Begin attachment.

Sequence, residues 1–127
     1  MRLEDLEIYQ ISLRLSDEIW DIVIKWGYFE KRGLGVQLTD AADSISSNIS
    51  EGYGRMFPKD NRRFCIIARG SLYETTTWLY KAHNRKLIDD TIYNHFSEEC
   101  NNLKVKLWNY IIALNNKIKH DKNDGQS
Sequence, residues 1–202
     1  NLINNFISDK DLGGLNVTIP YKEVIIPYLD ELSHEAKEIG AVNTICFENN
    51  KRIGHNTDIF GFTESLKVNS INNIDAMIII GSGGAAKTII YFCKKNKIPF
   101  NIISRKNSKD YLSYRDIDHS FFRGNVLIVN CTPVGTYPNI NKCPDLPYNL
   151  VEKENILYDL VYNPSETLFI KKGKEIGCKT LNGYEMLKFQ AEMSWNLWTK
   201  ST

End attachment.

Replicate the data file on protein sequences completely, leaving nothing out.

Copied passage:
Sequence, residues 1–127
     1  MRLEDLEIYQ ISLRLSDEIW DIVIKWGYFE KRGLGVQLTD AADSISSNIS
    51  EGYGRMFPKD NRRFCIIARG SLYETTTWLY KAHNRKLIDD TIYNHFSEEC
   101  NNLKVKLWNY IIALNNKIKH DKNDGQS
Sequence, residues 1–202
     1  NLINNFISDK DLGGLNVTIP YKEVIIPYLD ELSHEAKEIG AVNTICFENN
    51  KRIGHNTDIF GFTESLKVNS INNIDAMIII GSGGAAKTII YFCKKNKIPF
   101  NIISRKNSKD YLSYRDIDHS FFRGNVLIVN CTPVGTYPNI NKCPDLPYNL
   151  VEKENILYDL VYNPSETLFI KKGKEIGCKT LNGYEMLKFQ AEMSWNLWTK
   201  ST